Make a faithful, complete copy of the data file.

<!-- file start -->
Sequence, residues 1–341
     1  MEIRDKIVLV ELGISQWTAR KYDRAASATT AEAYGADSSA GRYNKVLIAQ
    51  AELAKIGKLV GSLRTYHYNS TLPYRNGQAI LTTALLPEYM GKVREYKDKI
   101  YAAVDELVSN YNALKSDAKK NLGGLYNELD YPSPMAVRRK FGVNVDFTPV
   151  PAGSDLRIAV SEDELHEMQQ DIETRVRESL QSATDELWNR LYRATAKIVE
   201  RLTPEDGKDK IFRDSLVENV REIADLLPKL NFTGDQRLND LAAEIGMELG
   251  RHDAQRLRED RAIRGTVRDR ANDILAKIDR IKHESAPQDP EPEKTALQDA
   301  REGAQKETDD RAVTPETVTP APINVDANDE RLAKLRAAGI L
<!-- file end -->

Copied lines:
Sequence, residues 1–341
     1  MEIRDKIVLV ELGISQWTAR KYDRAASATT AEAYGADSSA GRYNKVLIAQ
    51  AELAKIGKLV GSLRTYHYNS TLPYRNGQAI LTTALLPEYM GKVREYKDKI
   101  YAAVDELVSN YNALKSDAKK NLGGLYNELD YPSPMAVRRK FGVNVDFTPV
   151  PAGSDLRIAV SEDELHEMQQ DIETRVRESL QSATDELWNR LYRATAKIVE
   201  RLTPEDGKDK IFRDSLVENV REIADLLPKL NFTGDQRLND LAAEIGMELG
   251  RHDAQRLRED RAIRGTVRDR ANDILAKIDR IKHESAPQDP EPEKTALQDA
   301  REGAQKETDD RAVTPETVTP APINVDANDE RLAKLRAAGI L